18. I have read only a few books about Rwanda -- enough to know the horrors and some of what happened. I so love the artwork in this book I might have to make myself work through it. The graphic format can be powerful and engaging.

  19. You always read the most unique books. I need to look this one up.
    It sounds intense.

  20. This sounds like an intense and powerful book. I am not sure if I could handle so much bleakness, but your review does intrigue me. I think I might take a chance and try to grab a copy of the book. You've made it sound very compelling.

  21. This sounds like a powerful read, Nymeth! Like the others, I'm not sure if I could handle the bleakness, but I'd love to give it a try! Thanks so much for the wonderful review!

  22. Holy Cannoli :(
    It sounds amazing.

  23. I was wondering if you had read this one. It is amazing and heart-rending and your review of it is wonderful.

    Have you read Ron Currie Jr's book "God is Dead?"

  24. Wow, a graphic book on genocide.

    Before I read your review, I didn't know that an organized massacre happened in Rwanda in 1994! It's something new to know about.

    I would love to read this book - another title to add to my reading list.

  25. Is it a coincidence that you and Rebecca Reads just read a book about Rwanda/genocide? (Rebecca's review then led me to Zen Leaf's review, which also mentions this book) I admit I'm almost completely blind about the genocide. The two books that you three mentioned sound great. I'll look for them.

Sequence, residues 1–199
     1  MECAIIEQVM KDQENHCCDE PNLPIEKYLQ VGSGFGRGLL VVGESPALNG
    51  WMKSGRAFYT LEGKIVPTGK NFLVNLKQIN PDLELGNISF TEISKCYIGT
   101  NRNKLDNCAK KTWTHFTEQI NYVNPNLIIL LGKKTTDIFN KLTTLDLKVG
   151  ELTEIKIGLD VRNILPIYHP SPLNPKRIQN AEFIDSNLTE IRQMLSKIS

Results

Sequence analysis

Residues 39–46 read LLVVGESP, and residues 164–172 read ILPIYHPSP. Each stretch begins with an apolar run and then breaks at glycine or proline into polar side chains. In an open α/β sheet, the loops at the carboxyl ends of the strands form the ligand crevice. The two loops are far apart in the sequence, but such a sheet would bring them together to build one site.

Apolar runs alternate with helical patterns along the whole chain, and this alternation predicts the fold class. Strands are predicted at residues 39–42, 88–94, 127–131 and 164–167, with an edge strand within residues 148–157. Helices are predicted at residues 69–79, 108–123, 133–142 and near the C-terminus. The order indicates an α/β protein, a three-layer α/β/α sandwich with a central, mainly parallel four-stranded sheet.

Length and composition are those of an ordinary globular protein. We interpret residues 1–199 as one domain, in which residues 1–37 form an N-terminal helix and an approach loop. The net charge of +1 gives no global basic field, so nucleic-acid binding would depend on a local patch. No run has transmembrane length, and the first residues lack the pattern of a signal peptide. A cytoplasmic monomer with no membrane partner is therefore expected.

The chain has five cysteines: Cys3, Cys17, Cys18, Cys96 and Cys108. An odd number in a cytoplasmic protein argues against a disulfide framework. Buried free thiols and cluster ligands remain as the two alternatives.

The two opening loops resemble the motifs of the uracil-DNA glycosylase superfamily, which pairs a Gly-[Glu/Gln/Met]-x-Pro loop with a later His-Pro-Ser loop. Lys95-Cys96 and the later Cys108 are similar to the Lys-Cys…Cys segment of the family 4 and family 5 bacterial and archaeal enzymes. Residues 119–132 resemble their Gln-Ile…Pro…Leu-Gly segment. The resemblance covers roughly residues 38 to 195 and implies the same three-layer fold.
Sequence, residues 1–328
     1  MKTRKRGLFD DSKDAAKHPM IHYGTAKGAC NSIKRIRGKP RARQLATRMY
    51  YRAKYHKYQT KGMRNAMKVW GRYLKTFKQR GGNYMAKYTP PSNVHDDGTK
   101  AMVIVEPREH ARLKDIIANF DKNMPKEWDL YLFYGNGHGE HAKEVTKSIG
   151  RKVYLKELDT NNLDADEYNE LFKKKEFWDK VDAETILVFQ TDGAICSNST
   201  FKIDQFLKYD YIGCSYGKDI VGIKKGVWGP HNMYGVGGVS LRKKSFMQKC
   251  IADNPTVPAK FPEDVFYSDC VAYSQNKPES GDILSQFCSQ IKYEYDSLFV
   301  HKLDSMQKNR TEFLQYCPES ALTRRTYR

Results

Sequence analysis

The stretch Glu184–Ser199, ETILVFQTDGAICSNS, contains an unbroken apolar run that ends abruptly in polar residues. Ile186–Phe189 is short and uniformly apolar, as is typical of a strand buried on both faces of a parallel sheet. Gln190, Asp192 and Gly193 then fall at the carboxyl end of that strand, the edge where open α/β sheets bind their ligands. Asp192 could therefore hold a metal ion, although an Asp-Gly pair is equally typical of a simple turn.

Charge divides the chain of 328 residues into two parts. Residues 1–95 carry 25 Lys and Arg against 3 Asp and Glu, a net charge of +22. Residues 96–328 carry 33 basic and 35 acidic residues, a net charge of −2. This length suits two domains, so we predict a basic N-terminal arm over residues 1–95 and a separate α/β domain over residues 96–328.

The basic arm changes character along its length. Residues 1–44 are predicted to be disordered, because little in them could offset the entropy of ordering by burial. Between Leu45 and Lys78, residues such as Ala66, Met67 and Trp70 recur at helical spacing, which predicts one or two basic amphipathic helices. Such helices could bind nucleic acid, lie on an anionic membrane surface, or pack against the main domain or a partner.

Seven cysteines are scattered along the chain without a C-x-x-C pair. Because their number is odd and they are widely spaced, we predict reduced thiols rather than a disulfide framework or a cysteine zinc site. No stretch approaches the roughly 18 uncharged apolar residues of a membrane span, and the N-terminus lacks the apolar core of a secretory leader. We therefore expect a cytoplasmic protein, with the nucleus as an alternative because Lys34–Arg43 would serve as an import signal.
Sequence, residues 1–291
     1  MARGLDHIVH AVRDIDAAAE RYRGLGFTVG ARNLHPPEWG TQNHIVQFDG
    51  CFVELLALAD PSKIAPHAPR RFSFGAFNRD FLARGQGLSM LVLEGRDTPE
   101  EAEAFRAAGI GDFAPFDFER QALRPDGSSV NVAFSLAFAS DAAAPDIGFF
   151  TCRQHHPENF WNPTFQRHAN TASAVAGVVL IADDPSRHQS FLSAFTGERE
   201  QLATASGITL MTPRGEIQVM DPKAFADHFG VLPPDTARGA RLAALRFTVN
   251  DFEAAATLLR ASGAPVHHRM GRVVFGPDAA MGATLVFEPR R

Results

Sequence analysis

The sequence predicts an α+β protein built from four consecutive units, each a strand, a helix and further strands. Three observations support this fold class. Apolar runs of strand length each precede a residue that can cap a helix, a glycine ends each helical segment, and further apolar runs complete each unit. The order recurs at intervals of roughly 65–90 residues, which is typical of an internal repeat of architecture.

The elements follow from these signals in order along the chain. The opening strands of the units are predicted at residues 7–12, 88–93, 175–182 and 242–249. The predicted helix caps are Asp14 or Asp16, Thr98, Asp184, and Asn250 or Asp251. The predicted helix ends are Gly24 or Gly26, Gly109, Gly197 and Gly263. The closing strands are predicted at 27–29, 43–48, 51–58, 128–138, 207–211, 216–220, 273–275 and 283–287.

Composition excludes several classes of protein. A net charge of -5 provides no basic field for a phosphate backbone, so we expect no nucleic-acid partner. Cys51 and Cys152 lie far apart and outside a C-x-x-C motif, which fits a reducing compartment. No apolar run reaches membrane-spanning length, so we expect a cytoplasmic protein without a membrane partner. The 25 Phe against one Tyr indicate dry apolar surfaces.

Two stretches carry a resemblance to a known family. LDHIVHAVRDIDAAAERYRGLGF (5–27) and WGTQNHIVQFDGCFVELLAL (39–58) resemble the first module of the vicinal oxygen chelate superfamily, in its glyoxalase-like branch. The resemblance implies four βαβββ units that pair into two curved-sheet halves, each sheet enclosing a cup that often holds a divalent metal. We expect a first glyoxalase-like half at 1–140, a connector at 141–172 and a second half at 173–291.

You're right about First Second Books. Their catalogue looks amazing. There are a few that I've seen before that I would really like to read. I just realized they're all from the same publisher.

  26. In the last few years, I've read 2 books on the genocide in Rwanda. One was a non-fiction book and the other was called A Sunday at the Pool in Kigali. Both were so incredibly sad and heartbreaking. Although this sounds like an incredible book, it's probably one I won't pick up anytime soon.

    Thank you though for a wonderful review!

  27. Jill: That's what I ask of historical fiction too (or in this case, of fiction about recent history). I think it's possible to write a story that makes narrative sense out of a senseless tragedy, but it probably takes more distance than just a couple of decades. We have books like The Book Thief about the Holocaust that make sense as stories and still show how senseless it all was. But for something like this, it just might be too soon.

    Anna: It really made me sad.

    Fence: I'll watch it some day for sure. This book was the same: tough but worth it.

    Kathy: I'm so glad your son's friend's family was okay! I can imagine how knowing someone who lived through that would make stories about it even more affecting.

    ds: This isn't quite up there with Maus, but then again, Maus is much longer and that gives it room to be more layered. And yes, do read it! I think it's a masterpiece.

    Rebecca: I completely understand both finding it too haunting and not appealing. The illustrations weren't actually as graphic as I feared, thankfully.

    Belle: Thank you for the kind words! And I completely understand - we all have our limits!

    Bart: Aren't their books amazing? I want them all!